Tuesday, February 04, 2014

The Abrupt Whole of History

The world is populated by amoral, ravenous monsters who do not respect class or beauty. This is what one may take from 1959's Suddenly, Last Summer, a movie about two women who passionately love a dead man who was by accounts somewhat cold in life. There is one great scene in the film but for the most part it performs well below the expectations one may form based on the film's credited writers--Gore Vidal and Tennessee Williams--and its cast which includes Katharine Hepburn, Montgomery Clift, and Elizabeth Taylor.

The brilliant scene is near the beginning, when the resident brain surgeon of an insane asylum, Dr. Cukrowicz (Clift), visits the wealthy Mrs. Venable (Hepburn)--I'll resist the temptation to say "the venerable Mrs. Venable" but I think that's something Tennessee Williams probably meant to tease our ears with. We first see her descending from the ceiling in a little elevator, telling Cukrowicz that, unlike the Byzantine emperor whose throne would rise to impress onlookers with his divinity, she prefers to descend to her guests because she lives in a democracy.

Of course this leaves the implication that she's descending from some place spiritually as much as physically, that her natural place is in the heavens. We soon find this manner of her speaking, pointedly conveying things by saying their opposites, is characteristic of her.

She takes Cukrowicz into her deceased son Sebastian's extraordinary garden of tropical plants and proceeds to tell him why her niece requires a lobotomy.

Hepburn is terrific, taking full advantage of a monologue of a graceful woman whose concealed intentions are perhaps sometimes perceptible on purpose, sometimes perhaps accidentally betrayed by her own madness. Her son was a poet, a languid, cool, atheist we gather from her descriptions and later the niece's. In one great moment, she tells Cukrowicz about Sebastian forcing her to watch birds devouring helpless baby sea turtles on the beach, telling her how it signifies the real nature of the world.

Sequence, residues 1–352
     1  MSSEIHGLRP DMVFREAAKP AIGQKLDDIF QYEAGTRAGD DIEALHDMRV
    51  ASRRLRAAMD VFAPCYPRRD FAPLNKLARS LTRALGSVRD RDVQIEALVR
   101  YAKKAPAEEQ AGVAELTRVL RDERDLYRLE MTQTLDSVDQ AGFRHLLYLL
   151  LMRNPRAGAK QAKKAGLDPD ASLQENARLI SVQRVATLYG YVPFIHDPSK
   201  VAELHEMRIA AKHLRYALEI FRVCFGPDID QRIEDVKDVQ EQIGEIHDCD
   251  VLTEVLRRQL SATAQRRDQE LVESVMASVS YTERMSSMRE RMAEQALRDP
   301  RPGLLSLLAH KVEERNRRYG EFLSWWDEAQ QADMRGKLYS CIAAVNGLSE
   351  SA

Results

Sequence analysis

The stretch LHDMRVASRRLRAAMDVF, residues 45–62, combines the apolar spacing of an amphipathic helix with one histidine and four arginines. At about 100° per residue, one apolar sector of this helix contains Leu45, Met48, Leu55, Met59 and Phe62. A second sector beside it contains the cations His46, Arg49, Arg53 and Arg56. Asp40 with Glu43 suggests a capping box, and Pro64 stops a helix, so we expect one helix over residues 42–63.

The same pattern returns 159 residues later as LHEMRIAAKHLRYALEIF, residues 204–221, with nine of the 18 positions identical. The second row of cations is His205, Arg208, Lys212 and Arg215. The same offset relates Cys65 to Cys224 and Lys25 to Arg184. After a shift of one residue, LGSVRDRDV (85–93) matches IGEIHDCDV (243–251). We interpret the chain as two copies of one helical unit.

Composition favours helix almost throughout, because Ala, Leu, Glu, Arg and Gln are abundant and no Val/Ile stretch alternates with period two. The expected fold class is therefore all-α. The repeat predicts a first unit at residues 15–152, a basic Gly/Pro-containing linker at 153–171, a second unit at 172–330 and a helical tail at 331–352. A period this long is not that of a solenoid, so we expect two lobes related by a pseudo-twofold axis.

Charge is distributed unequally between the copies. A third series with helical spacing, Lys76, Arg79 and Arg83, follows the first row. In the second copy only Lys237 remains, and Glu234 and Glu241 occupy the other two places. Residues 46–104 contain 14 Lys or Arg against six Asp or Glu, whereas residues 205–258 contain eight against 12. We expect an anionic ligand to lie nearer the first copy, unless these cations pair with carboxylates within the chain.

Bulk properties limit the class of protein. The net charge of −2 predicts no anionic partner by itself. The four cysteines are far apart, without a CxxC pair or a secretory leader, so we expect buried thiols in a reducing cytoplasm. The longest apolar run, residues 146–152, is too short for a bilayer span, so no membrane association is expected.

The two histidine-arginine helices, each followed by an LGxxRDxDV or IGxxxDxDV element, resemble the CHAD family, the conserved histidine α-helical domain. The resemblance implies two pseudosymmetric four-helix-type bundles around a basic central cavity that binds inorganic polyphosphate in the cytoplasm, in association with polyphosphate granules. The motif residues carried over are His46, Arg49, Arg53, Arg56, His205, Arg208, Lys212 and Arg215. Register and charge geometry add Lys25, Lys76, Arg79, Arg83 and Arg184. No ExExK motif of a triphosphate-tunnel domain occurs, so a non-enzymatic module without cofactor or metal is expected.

She tells Cukrowicz that he reminds her of her son though the movie does not spend much time on Cukrowicz's character, using him more as an audience surrogate to investigate the story behind the two women and the poet.

This was one of the movies Montgomery Clift made after his disfiguring car accident in 1956. The accident changed not only his appearance but the nature of his performances. Supposedly he had trouble remembering lines but to me the layers of expressed emotion are so much more complex and genuine in his post-accident performances. Even in this role where he really doesn't do very much there's an intriguing, quietly plaintive vulnerability in him that was not there before. John Huston put this quality to perfect use in The Misfits.

After the interview with Venable, Cukrowicz insists on meeting the niece before he decides whether to operate. The niece, Catherine (Elizabeth Taylor), is being kept in an asylum run by nuns and it's quickly apparent that Catherine's supposed insanity is a lie carefully and/or incidentally constructed by Venable and the rough hospitality of the nuns who don't allow her to wear her own clothing or to smoke.

Tennessee Williams complained about Taylor's casting in the role and one may see he has a point when Taylor's sanity is perhaps too apparent and her self-confidence too evidently strong to be manipulated by Venable and the nuns. But the primary failure of this film is the limited commitment of its director, Joseph Mankiewicz, whose imagination takes a story about a cruel mechanism of reality and makes it into a somewhat artificial feeling spectacle.

Ironically, this film based on a play by a gay man with a screenplay by a bisexual man was permitted by the Hays office to explicitly allude to same sex relations because the censors felt the depiction was a lesson in the fundamental evil of homosexuality. Their bias apparently blinded them to the fact that the worst things done in film were done by heterosexuals.

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